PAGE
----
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Staff needs to know what residents and families want

September 7, 2010
by Susan D. Gilster and Jennifer L. Dalessandro
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The Staffing Experts say the best caregivers are those who actually ‘care’

A recent question for the Resident Sound-Off feature here on Long-Term Living asked, “What qualities or characteristics make for a good staff member who meets your needs?” Not surprisingly to us, those residents who answered mentioned friendly, cheerful, honest, considerate, nice, kind, and patient. In addition, they appreciate a staff member who greets them, checks on them, smiles, and is willing to have fun as well as establish a relationship.

This certainly confirms what other research has shown, recently in a report by My InnerView (PDF format). Residents (and families) want to be cared for by people who genuinely care about them. They want to be respected and heard. Respectful behavior toward another person means that you value them, attach importance to their history, their current needs and desires, and are open to their ideas and perspectives. It demonstrates that you appreciate them as a person.

As we have touched on in a previous column, creating a respectful environment begins with establishing respect as an expectation for all who live, work, and visit in the facility. It involves talking about respect as a group with all staff in all departments. Using examples of respectful and disrespectful situations with residents and families helps the staff to understand the expectations, what behavior and approach is desired, and what will not be tolerated.

Residents also want to form a caring relationship with staff. In forming such a relationship the residents (and families) want staff members to know them as individuals; their history, their family, their likes and dislikes. When staff takes the time to learn about each individual resident—as respectful staff members will do—care becomes more personal, less intimidating and intrusive, and more enjoyable for both the resident and the employee.

However, providing respectful and caring personal care can be time consuming and does not always occur in many assisted living and long-term care facilities, although it doesn’t have to be that way. All too often the care provided is task-oriented, not person-oriented. And that is not a staff problem—that is a facility problem. Employees follow the expectations of the organization, and when it is more important to get the job done than consider the needs of another human being, everyone loses.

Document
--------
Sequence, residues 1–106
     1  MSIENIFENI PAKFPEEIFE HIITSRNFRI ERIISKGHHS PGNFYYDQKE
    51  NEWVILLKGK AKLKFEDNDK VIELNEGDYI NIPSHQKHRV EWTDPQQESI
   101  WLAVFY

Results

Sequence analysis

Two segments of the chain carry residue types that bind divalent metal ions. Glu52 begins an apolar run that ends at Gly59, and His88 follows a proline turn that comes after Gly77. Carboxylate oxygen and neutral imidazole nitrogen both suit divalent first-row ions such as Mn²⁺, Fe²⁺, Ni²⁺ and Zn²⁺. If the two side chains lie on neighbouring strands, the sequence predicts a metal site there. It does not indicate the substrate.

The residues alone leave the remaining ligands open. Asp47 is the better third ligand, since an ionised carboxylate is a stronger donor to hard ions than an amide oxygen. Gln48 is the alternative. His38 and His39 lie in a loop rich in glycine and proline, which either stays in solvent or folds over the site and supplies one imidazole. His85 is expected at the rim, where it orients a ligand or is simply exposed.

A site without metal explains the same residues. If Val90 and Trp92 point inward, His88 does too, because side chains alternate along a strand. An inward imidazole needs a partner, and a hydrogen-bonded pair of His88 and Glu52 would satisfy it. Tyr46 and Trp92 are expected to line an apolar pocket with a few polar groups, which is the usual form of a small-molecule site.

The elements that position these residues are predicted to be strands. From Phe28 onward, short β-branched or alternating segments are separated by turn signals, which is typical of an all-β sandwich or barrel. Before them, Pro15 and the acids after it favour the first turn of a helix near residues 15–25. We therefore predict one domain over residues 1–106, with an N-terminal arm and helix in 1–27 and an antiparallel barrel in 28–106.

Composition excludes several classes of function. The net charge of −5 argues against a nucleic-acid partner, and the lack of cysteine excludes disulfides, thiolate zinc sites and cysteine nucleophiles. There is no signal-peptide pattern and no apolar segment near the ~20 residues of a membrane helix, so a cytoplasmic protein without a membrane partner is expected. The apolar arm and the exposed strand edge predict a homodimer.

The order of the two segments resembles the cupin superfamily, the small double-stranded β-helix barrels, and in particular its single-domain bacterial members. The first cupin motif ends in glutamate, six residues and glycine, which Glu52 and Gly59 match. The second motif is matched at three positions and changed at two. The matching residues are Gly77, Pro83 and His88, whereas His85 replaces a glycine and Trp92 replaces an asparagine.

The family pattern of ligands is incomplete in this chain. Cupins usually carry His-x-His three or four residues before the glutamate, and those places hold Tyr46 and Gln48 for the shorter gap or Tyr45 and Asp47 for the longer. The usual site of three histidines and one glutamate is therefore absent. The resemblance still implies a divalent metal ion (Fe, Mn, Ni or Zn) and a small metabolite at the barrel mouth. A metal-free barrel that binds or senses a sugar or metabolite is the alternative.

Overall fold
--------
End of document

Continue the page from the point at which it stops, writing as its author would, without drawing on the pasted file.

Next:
Residents and families want to be cared for by appropriate numbers of educated, competent, and caring staff. If you have been following our columns over the past year, you already know we are huge proponents of an educated, informed, and supported staff. Yet all too often educating staff is not a priority and is, at best, done initially with staff left to fend for themselves afterward. An ongoing, sustainable education and support program motivates staff members, enabling them to continue to learn and grow. Staff tells us they too want this, as indicated in most satisfactions surveys.

Finally, residents and families will have concerns. They would like them to be acknowledged, addressed, and resolved. Keep in mind that most folks do not care for confrontation, and most are not comfortable with bringing up questions. As difficult as it may be for a resident or family to question your policies or routines, they have every right to know why something is done in a particular fashion, and the rationale for doing so. Teach staff to welcome questions or suggestions, and to actively seek answers. In addition, they need to follow through to resolve the concern, whether on their own or with a manager. When employees react in a defensive manor, it only serves to pull each party further from the other, and no one wins. Remember the goal for all parties should be the same: a happy, nurturing, caring, and fun environment in which to live and work.

Susan Gilster, PhD, FACHCA, NHA, Fellow, developed the Alois Alzheimer Center, Cincinnati, Ohio, which opened in 1987 as the first freestanding dementia facility in the United States.

Jennifer L. Dalessandro, BS, NHA, is the Assistant Administrator and Research Coordinator of the Alois Alzheimer Center and has helped it evolve into a person-centered facility.

For more information, phone (513) 673-1239 or visit www.careleadership.com or www.alois.com.

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